That leads to the question of whether mobile developers should build Web applications or applications downloaded from an app store.

No less than Web creator Tim Berners-Lee has argued that the app store model is fracturing the Internet and that developers should write programs for browsers instead.

But USENIX panelists said it's all about cash. For better or worse, the app store model is favored by developers because it lets them make money.

The app store model does have problems. Apps don't necessarily work across Android, Apple's iOS and other platforms, and when you switch from one device to another you have to re-download applications and hope they work the same as they did before.

Whether to build for the app store or the Web was called "the mother of all questions" by Chanezon. On the non-mobile side, Chanezon pitched the Chrome Web Store as a platform for monetizing applications that run in browsers.

Right now, at least, native applications on mobile devices are better than websites from both a technology and economics standpoint, Ying said.

"What's wrong with browsers today is they are not specifically optimized for building those application experiences that you see in a mobile device," Ying said. Those limitations can be hidden on the desktop because of its processing power, but become apparent on phones and tablets.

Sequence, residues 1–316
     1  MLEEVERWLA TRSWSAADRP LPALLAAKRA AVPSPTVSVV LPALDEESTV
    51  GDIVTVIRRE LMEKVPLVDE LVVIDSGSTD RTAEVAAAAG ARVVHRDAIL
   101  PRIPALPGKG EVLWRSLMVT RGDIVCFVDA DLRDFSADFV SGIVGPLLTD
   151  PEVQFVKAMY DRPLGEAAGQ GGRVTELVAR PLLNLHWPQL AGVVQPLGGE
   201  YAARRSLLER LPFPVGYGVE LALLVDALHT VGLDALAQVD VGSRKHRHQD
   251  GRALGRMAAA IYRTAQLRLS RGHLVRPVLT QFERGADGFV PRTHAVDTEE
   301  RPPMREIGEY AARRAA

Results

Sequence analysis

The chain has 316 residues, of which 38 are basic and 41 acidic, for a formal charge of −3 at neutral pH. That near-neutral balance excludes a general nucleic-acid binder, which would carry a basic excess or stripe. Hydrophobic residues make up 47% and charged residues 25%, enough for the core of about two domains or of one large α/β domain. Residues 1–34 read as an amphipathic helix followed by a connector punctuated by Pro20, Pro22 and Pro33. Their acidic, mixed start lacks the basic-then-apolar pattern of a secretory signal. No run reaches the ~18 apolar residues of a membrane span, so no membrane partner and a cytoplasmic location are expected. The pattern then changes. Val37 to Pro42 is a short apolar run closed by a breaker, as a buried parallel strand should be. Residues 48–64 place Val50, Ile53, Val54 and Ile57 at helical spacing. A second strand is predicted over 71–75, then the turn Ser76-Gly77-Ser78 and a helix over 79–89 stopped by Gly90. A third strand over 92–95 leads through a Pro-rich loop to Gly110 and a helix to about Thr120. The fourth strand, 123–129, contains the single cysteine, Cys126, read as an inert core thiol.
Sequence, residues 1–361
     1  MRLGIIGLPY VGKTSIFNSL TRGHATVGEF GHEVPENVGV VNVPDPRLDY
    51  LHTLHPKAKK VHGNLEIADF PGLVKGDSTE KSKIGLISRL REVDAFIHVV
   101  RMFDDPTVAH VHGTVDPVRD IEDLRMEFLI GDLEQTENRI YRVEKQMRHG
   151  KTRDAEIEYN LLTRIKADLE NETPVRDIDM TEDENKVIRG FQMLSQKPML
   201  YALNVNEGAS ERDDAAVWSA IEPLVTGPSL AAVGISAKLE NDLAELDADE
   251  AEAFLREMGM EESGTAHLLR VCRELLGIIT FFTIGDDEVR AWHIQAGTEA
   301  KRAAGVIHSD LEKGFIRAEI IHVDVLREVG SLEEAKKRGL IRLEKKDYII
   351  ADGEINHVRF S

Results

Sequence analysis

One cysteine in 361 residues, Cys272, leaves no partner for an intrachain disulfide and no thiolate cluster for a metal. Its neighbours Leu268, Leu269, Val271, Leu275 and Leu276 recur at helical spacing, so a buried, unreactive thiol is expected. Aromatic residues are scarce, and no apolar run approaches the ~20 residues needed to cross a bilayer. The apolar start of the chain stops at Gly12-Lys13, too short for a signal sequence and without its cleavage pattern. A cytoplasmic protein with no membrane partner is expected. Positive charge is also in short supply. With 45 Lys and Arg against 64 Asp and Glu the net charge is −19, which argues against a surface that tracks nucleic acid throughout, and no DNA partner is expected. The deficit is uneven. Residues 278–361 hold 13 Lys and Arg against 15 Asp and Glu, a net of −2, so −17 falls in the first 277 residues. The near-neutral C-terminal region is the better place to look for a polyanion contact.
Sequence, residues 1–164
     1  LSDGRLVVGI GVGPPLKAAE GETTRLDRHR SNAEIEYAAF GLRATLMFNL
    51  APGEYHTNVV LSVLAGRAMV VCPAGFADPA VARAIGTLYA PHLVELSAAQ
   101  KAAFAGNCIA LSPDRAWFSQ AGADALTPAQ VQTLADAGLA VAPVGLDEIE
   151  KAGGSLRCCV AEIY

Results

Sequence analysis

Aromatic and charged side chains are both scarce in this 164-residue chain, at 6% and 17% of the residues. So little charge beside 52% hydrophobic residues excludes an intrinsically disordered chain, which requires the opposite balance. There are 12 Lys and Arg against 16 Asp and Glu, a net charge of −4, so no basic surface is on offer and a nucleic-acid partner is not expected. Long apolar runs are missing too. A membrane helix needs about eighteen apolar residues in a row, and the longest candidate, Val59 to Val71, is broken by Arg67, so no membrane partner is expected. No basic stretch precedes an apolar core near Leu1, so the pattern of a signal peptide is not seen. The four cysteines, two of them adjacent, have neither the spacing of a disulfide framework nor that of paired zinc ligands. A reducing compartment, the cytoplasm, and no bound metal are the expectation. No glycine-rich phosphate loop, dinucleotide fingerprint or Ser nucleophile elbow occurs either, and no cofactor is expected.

"On an iPad or iPhone or Android device you really need to think about your abstractions, touch responsiveness, animation speed, all those things matter. Abstractions matter on a mobile device," Ying said.

Panelists and audience members discussed how the technology world has shifted back and forth between a Web model and a client-server model, with the Web model actually resembling the 1960s mainframe environment in which logic is built on the server side and clients don't have to do much work.

The rise of Web applications that look more like native apps and require a powerful Web client is in a way a return to the client-server architecture, Google's Chanezon said.

Microsoft's Meijer, of course, told Chanezon that "I'm really happy you're going back to the client-server architecture."

"Having these Web applications was always a bad idea," Meijer said. "It's crazy to generate your UI on the server side and project it onto the client. That's not how things work. When it comes to technology I am really conservative and like to have simple things."

Even Google, whose executives proclaim a "100% Web" future, is conflicted internally on what technologies will bring that future into being.

Chanezon noted that the recent Google I/O conference saw his company pitching a future based on Android one day, and Chrome the next.

"I think the jury is still out on which version will win, and frankly I don't know," Chanezon said, with Maximilien concluding: "So even at Google, the house is divided."

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Jon Brodkin